I think Bret’s idea is a really good one, and provides for a lot of flexibility going forward. However, there’s still no way an app could “discover” what other apps are available and what services they provide under this scenario, and that’s really clutch for this sort of thing, for providing a button like “Fire a flame thrower in NetNewsWire” and knowing that it will in fact launch NetNewsWire and run some fictional “Fire a flame thrower” command.

Maybe apps should broadcast their services over Bonjour to the localhost? Right there we already have a very solid model for advertising and discovering “services,” although it doesn’t quite lend itself to application switching. And on iPhone OS 3 and lower, no application that isn’t running could advertise a service in the background.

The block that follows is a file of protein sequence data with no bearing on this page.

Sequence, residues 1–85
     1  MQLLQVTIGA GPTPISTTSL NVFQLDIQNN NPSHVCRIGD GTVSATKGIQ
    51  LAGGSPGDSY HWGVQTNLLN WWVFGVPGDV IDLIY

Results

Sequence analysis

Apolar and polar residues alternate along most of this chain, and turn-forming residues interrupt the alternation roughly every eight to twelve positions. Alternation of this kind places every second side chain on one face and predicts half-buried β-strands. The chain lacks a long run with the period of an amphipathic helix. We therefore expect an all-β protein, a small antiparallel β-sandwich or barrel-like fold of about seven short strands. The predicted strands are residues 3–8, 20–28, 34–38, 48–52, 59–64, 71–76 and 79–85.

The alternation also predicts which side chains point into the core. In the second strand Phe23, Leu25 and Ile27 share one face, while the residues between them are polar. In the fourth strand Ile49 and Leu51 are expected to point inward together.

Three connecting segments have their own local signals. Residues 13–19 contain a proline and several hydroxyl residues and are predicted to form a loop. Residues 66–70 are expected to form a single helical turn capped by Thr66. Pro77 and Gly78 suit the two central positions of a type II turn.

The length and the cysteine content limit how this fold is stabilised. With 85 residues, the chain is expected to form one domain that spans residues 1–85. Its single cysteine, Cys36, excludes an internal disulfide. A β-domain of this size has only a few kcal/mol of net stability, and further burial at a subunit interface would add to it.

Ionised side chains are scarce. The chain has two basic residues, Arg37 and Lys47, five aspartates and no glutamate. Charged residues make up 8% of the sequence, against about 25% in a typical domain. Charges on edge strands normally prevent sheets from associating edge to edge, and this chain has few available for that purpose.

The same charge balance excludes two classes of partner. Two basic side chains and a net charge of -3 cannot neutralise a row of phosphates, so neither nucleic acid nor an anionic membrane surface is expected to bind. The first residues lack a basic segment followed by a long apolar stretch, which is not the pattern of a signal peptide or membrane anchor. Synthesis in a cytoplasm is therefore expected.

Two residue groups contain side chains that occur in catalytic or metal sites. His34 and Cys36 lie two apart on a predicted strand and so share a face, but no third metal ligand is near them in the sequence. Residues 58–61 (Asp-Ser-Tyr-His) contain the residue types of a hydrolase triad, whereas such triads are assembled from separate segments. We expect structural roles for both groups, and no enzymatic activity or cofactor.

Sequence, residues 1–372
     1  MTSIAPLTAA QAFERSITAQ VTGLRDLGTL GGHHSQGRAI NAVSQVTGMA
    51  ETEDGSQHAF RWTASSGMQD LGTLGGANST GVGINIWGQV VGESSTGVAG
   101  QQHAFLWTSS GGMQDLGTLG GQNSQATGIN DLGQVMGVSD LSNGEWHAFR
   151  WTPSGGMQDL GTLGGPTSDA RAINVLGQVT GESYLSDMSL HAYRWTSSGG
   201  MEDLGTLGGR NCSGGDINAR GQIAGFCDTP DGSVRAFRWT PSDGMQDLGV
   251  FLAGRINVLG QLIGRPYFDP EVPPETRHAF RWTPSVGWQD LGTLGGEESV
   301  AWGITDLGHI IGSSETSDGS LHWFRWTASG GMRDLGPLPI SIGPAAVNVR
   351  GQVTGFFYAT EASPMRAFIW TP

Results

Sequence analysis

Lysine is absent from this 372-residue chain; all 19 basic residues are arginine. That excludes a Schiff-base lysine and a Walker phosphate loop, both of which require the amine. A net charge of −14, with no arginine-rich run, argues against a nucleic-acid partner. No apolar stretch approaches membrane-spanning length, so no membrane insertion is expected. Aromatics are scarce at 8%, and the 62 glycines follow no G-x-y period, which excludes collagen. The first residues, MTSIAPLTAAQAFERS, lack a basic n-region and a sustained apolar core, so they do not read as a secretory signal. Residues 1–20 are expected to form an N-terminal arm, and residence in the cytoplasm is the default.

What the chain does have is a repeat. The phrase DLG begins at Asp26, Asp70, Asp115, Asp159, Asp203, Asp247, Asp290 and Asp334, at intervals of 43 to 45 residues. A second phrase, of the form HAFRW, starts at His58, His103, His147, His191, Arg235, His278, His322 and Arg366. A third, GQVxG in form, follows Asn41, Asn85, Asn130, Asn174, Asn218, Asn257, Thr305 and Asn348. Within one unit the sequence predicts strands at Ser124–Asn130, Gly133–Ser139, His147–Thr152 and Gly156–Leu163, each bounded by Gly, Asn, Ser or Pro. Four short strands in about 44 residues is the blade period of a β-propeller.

In iPhone OS 4, that will no longer be the case, it would seem. Perhaps one could just run a bonjour advertisement for a service in the background in an NSOperationQueue? What an awful kludge that would be. I don’t understand why this isn’t a basic feature of iPhone OS 3 already.


New Website for Strip

2010-05-25 20:00:00 -0400


We’ve put a little bit of extra elbow grease into our web presence over the last couple of weeks, and as part of that effort, we launched a new website just for Strip last night: getstrip.com.

That gorgeous design is the work of Mr. Johnny Bilotta.

We expect this will serve customers of Strip quite a lot better than the old sub-page on zetetic.net, it makes it a lot easier to find information about the program itself, and there’s a ton of documentation on there. We’ve redirected/rewritten all old links to the new site, let us know if you see any broken ones. And let us know what you think!